Boy, 7, may never fully recover after suffering stroke brought on by chickenpox he had NINE MONTHS earlierVirus had caused Alex Roantree-Roesch's arteries to hardenHe now has splint on leg and has lost dexterity in handSpeech remains slurred and doctors do not know if he will fully recover
11:44 GMT, 8 June 2012
A seven-year-old boy collapsed from a stroke brought on by the chickenpox he had nine months earlier.
Alex Roantree-Roesch was found unconscious by his horrified father Mike in the living room of their home in Gosport, Hampshire.
The youngster was taken to hospital and told he had suffered a stroke, and that it had been triggered by the virus, which shrunk his arteries.
Long-term effects: Alex Roantree-Roesch, pictured with mother Angela, has to wear a splint on his leg and has lost some dexterity in his right hand after he keeled over in his living room
IT worker Mr Roantree-Roesch, 40, said: 'My wife was out doing some shopping and I was washing up in the kitchen when I heard a bang from the living room.
'I went in and saw Alex on the floor, his legs had buckled under him and he was like a rag doll.
'I asked him where it hurt but I
couldn’t get anything out of him. Then he let out a moan, a horrid sort
of wail, and it was like someone flicked a switch and he just turned
Alex now wears a splint on his right leg and has lost some dexterity in his hand. He is having occupational therapy and physiotherapy at a rehabilitation centre and has to iron tablets and aspirin every day.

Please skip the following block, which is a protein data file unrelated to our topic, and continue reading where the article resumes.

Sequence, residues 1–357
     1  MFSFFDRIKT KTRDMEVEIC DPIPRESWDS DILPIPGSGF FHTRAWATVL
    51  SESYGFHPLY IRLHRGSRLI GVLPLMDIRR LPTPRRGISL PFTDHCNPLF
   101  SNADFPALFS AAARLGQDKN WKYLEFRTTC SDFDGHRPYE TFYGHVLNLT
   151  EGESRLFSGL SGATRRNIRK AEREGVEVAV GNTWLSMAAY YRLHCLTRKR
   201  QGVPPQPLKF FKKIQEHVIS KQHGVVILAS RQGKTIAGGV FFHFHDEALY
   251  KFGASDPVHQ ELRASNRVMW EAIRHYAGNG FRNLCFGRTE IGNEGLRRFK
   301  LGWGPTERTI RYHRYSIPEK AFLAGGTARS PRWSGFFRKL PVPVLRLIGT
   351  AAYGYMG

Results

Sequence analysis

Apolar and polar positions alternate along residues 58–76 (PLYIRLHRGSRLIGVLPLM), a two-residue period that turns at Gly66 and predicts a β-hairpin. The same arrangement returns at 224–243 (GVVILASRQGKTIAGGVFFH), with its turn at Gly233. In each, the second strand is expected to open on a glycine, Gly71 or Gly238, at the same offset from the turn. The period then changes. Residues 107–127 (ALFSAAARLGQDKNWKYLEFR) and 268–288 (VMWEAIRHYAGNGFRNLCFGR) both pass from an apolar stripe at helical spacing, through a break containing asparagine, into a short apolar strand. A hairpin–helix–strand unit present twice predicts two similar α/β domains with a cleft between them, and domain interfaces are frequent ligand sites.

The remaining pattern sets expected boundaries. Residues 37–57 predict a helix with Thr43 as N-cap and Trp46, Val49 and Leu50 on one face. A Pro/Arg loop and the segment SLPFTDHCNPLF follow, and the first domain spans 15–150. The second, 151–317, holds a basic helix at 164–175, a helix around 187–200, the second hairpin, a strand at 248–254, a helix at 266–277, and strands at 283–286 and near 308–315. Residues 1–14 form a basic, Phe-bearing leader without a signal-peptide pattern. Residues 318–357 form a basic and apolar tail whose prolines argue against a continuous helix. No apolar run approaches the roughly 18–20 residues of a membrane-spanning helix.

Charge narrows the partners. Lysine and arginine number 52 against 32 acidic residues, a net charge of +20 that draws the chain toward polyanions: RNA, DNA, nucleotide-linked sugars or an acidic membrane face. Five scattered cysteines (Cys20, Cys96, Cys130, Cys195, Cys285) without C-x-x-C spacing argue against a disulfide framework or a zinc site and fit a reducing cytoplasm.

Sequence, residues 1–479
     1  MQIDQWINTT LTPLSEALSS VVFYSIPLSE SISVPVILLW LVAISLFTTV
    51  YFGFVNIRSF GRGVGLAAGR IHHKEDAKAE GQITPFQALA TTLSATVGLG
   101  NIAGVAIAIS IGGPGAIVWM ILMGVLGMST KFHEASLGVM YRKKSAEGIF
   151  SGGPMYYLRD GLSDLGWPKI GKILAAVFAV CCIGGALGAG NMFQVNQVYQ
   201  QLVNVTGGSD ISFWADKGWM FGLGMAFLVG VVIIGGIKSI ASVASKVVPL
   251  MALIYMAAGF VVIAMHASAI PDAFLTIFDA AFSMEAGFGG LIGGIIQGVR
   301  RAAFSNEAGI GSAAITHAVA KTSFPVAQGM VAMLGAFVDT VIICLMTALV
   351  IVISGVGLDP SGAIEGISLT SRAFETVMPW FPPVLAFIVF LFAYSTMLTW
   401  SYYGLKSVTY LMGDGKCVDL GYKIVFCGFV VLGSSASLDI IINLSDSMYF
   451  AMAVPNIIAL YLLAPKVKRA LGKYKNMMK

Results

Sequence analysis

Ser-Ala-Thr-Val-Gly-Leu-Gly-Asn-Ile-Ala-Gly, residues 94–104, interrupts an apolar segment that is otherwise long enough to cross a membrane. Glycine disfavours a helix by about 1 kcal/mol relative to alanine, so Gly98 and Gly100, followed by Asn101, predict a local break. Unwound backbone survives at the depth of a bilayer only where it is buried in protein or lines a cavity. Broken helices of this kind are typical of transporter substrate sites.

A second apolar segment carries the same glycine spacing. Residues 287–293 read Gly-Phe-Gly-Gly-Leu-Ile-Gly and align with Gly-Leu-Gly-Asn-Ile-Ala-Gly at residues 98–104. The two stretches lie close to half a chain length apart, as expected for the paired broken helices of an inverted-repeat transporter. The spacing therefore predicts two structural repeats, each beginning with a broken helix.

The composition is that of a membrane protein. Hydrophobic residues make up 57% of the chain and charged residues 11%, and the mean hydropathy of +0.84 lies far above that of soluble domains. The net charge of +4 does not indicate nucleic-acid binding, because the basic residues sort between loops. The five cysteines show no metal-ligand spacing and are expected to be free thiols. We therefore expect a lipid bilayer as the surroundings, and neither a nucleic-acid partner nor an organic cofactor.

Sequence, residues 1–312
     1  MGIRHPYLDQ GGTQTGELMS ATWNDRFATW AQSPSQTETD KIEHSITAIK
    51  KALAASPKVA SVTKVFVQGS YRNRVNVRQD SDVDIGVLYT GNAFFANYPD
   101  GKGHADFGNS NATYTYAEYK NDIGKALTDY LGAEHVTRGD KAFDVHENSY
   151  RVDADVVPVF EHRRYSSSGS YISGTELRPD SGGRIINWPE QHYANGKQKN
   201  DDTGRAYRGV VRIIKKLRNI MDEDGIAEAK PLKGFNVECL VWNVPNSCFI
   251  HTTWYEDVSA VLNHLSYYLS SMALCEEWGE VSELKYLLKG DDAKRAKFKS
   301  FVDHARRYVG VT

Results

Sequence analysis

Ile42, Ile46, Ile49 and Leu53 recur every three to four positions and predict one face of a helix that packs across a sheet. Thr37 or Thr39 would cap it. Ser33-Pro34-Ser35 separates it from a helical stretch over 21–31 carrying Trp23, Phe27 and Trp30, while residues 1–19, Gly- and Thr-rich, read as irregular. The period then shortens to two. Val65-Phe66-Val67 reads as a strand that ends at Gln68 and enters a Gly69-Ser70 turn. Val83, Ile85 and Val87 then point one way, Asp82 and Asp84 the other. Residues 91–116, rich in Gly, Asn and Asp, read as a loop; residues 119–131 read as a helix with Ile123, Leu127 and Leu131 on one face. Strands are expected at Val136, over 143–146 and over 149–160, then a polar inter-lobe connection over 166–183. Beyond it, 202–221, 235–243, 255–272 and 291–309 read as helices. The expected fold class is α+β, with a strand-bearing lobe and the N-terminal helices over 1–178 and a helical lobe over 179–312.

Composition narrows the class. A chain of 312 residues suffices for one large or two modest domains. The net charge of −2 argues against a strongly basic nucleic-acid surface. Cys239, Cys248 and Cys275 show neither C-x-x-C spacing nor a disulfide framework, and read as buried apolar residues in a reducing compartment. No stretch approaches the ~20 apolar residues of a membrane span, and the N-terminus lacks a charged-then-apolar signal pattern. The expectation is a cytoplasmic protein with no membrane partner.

He said: 'I was watching cartoons on telly and just lost control of my hands.
'I don’t really remember much of it but I know I’m not as well as I was before and I do find some things difficult now.'
Rare complication: Doctors told Alex that his chickenpox had triggered the stroke by causing his arteries to shrink
Although rare, strokes have a recognised link to chickenpox. According to the Stroke Association, one child in 25,000 suffers a stroke as a result of the virus because it shrinks the arteries.
Alex's mother Angela, 35, said: 'The doctors said the only thing they could put it down to was the chickenpox, after they had eliminated everything else.
'It was amazing to see him sit up for the first time, but that was a big landmark.
'His speech is still a little bit slurred and he’s not as talkative as he once was, but he is definitely getting better all the time.
'They think he will get most of his function back, but they don’t know if he will get all of it back.'